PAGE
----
I charge you ... proclaim the word; be persistent ... convince, reprimand, encourage. ... For the time will come when people will not tolerate sound doctrine but, following their own desires and insatiable curiosity, will accumulate teachers and will stop listening to the truth. 2 Timothy 4.
Beware of the scribes, who like to go around in long robes and accept greetings in the marketplaces, seats of honor in synagogues, and places of honor at banquets. They devour the houses of widows and, as a pretext, recite lengthy prayers. They will receive a very severe condemnation. Mark 12
Paul's encouragment and challenge to Timothy to be an evangelist, without fear, and full of courage, gave me some encouragment to not be afraid of today's gospel.
I imagine Jesus' being really hard on the religious leaders of his day. The long robes, the honors they receive so willingly, really clashed in Jesus' heart with the way the same religious leaders "devour the houses of widows," and at the same time, "as a pretext, recite lengthy prayers." Jesus is so clear throughout the gospels: being "religious" ought to make us nice people, kind people, compassionate people. Why doesn't it? What goes wrong? What is the temptation to self-righteousness and the externals of religious practice, over and against the a heart like his which is rich in mercy and hearing the cry of the poor?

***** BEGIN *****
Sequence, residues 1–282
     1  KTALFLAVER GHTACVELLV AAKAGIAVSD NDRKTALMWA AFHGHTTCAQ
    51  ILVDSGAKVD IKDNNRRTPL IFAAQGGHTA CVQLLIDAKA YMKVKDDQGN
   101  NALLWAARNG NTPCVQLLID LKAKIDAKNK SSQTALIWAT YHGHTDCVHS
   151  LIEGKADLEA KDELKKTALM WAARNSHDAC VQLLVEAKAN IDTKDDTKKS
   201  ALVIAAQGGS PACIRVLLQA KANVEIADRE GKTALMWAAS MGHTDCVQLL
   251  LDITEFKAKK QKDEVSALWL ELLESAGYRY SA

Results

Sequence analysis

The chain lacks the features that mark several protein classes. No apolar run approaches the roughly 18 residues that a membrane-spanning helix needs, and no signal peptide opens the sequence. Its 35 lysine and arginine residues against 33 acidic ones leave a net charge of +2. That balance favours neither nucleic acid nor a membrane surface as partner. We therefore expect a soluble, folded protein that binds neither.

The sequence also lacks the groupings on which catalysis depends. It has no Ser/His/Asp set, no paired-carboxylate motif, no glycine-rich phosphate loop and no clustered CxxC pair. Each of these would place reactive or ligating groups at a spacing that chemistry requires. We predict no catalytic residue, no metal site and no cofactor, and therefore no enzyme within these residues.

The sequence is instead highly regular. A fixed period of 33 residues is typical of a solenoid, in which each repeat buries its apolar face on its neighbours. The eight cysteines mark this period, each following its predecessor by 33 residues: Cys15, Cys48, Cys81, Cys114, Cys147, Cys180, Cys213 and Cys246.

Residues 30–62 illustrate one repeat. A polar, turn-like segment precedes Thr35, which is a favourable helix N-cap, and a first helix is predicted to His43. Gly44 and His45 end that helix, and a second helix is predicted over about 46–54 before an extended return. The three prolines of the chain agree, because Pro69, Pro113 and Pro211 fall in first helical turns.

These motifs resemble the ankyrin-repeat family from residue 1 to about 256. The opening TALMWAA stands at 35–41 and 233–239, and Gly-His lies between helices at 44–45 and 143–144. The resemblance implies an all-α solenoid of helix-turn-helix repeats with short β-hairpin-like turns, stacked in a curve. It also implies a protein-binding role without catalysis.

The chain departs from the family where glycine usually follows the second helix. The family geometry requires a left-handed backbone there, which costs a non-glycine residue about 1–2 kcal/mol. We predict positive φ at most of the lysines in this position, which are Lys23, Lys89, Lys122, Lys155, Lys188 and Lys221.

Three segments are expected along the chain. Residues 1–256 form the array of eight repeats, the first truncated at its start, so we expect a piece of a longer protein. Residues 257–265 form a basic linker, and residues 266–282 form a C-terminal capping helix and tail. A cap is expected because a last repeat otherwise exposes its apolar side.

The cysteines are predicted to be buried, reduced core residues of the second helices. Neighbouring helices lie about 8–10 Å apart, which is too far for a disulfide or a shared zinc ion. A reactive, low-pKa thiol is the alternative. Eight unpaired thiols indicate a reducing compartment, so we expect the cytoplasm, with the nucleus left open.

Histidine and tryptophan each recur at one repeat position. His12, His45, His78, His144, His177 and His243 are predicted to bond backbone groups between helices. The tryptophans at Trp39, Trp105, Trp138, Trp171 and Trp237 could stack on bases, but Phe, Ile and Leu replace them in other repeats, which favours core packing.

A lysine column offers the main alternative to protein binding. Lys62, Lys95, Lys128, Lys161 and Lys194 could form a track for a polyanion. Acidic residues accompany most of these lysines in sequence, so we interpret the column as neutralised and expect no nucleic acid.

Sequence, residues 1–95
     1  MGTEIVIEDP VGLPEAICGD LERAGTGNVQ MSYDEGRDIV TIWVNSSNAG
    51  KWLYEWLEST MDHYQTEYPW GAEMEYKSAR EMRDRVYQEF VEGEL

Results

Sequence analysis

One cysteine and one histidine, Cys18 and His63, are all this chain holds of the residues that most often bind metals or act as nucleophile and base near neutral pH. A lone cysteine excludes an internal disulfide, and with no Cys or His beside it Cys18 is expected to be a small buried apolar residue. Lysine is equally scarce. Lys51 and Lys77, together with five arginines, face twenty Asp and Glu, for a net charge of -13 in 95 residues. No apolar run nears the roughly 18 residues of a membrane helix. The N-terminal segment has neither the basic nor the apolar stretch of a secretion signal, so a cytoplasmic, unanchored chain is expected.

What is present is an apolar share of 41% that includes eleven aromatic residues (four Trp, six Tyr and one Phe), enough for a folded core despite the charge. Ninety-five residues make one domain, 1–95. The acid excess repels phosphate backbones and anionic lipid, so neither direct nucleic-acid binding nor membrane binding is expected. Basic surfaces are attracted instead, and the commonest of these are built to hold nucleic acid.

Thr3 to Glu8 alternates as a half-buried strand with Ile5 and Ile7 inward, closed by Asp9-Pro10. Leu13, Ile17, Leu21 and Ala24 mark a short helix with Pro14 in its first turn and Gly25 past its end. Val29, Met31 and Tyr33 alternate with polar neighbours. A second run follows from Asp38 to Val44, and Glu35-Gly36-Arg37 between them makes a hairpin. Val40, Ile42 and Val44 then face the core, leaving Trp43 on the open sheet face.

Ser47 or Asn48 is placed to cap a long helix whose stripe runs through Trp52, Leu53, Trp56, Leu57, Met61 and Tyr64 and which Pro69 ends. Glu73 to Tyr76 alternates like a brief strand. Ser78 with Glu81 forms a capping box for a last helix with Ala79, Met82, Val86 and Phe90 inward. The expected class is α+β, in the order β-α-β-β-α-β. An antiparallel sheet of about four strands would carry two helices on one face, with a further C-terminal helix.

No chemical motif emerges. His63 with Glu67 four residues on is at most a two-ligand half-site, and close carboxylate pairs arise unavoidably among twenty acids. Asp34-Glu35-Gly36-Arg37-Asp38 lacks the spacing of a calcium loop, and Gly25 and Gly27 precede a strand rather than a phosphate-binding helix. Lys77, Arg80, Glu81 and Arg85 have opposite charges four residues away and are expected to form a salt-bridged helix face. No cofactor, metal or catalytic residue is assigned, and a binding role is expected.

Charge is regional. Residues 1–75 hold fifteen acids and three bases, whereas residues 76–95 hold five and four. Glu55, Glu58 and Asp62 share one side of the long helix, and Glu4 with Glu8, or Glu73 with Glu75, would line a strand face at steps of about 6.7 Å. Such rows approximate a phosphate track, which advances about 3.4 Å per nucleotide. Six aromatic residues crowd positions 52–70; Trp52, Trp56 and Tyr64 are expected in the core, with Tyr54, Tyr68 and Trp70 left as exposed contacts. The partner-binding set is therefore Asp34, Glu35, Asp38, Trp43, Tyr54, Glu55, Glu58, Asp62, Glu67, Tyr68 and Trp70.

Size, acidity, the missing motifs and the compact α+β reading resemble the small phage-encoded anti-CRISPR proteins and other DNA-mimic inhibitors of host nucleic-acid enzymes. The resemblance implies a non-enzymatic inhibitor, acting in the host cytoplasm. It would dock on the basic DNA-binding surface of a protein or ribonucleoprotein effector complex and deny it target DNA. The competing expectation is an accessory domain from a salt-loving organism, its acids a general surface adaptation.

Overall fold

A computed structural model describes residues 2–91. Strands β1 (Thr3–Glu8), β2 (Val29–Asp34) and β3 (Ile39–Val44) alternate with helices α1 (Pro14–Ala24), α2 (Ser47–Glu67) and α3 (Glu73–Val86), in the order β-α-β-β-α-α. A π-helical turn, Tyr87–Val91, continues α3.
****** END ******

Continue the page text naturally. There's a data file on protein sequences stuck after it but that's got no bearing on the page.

When the story moves to Jesus' sitting across from the temple treasury, he becomes the teacher who gives us an image to remember for life. Jesus observes that, "Many rich people put in large sums." Then, "A poor widow also came and put in two small coins worth a few cents." Jesus contrasts those who "contributed from their surplus wealth" and the widow who "from her poverty, has contributed all she had."
There's that honest, challenging, liberating message of Jesus. Having many things makes it difficult to depend upon God alone. Being poor, and placing our lives in God's hands, allows us to keep everything in perspective and to give generously, "and not to count the cost."*
-- St. Ignatius Loyola
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